2.7 Conservation of momentum

The law of conservation of momentum can be written4

|-----------------| Du--= r ☐☐☐ + b | --Dt--------------| \relax \special {t4ht=
where eqn represents any body force per unit mass. Body forces represent any force which does not act at a bounding surface, including those that act at a distance, such as gravitational force.

The equation is derived by considering the time rate of change of the momentum of a mass of particles. We consider a volume of material of fixed mass moving through space and therefore present rate of change by the material derivative eqn.

PICT\relax \special {t4ht=

Applying Gauss’s theorem and Eq. (2.16 ), the surface force is

Z Z Z Z t dS = n ☐☐☐ dS = (dS ☐☐☐) = r ☐☐☐ dV : S S S V \relax \special {t4ht=
Equating the rate of change of momentum to the forces and, noting mass is fixed so eqn is constant in time, gives
Z Du-- ☐ V Dt r ☐☐ b dV = 0: \relax \special {t4ht=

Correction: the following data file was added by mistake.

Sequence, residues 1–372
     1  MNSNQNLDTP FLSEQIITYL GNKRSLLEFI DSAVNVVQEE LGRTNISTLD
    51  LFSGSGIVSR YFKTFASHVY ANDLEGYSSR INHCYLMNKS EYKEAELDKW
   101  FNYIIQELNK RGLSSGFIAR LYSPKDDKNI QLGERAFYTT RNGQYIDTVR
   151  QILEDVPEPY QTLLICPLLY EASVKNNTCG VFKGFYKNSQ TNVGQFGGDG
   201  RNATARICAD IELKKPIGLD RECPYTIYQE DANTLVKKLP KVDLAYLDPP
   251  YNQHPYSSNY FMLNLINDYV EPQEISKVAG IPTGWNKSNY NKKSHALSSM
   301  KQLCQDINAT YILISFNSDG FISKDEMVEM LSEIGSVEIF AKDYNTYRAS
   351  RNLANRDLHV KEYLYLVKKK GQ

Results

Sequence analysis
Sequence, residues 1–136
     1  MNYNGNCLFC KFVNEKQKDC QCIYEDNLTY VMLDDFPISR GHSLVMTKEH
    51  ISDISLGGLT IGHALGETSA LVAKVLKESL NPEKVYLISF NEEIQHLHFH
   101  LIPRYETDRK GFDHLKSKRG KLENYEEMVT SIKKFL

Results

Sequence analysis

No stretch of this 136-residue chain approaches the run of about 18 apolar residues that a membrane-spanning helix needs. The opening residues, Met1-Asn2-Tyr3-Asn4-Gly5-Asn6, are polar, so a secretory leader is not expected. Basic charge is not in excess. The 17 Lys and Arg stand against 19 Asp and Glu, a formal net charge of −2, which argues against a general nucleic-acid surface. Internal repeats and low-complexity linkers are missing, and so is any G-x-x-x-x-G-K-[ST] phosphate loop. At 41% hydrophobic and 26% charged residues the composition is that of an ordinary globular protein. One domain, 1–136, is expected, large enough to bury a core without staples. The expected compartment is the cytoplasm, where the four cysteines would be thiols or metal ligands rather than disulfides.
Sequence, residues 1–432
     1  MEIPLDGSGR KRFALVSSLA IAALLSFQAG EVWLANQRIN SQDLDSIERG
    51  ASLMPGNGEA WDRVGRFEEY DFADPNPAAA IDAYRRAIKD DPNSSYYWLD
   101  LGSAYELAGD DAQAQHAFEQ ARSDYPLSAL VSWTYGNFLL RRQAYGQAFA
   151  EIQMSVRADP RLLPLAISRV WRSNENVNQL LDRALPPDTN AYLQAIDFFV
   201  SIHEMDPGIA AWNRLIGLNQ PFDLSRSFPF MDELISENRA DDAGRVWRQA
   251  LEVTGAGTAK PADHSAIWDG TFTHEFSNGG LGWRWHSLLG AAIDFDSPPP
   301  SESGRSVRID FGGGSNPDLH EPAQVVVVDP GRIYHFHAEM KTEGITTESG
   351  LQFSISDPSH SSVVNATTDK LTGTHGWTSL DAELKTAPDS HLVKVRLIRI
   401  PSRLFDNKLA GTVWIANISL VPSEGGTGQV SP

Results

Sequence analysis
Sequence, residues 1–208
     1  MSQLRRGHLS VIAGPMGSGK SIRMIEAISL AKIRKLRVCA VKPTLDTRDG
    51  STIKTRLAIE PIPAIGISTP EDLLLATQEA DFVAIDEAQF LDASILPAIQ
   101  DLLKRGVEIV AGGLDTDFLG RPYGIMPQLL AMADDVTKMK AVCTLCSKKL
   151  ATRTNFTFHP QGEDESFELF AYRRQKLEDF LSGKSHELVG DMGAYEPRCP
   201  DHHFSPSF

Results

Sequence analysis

The integrand must equal 0, resulting in Eq. (2.19).

Divergence was described in section 2.4 as the flux across a surface per unit volume as eqn. The divergence of stress similarly represents the stress flux across the surface, i.e. force, per unit volume as eqn, given by

 Z r ☐☐☐ = lim --1- (dS ☐☐☐): V!0 V S \relax \special {t4ht=
Eq. (2.19 ) specifically relates to linear momentum. Instead, conservation of angular momentum5, in the absence of any “couple stresses” that generate a moment field, is given by
☐☐☐ = ☐☐☐T (☐☐☐ is symmetric): \relax \special {t4ht=
The derivation of Eq. (2.23 ) is fairly complex so is omitted here.

Tensor symmetry

Symmetry in a tensor eqn refers to components being symmetric about the diagonal, i.e. eqn, eqn and eqn. The transpose of a tensor, denoted by the ‘eqn’ superscript, switches components across the diagonal such that:

 0 1 Txx Tyx Tzx TT = B@ Txy Tyy Tzy CA T T T xz yz zz \relax \special {t4ht=
eqn is therefore symmetric if eqn. A skew (anti-symmetric) tensor has eqn. A tensor can be decomposed into symmetric and skew parts by:
 1 T 1 T T = 2-(T + T )+ 2(T T ) = sym T + skw T |------------{z------------} |------------{z------------} symmetric skew \relax \special {t4ht=

4Cauchy’s first law of motion (1827)
5Cauchy’s second law of motion (1827)

Notes on CFD: General Principles - 2.7 Conservation of momentum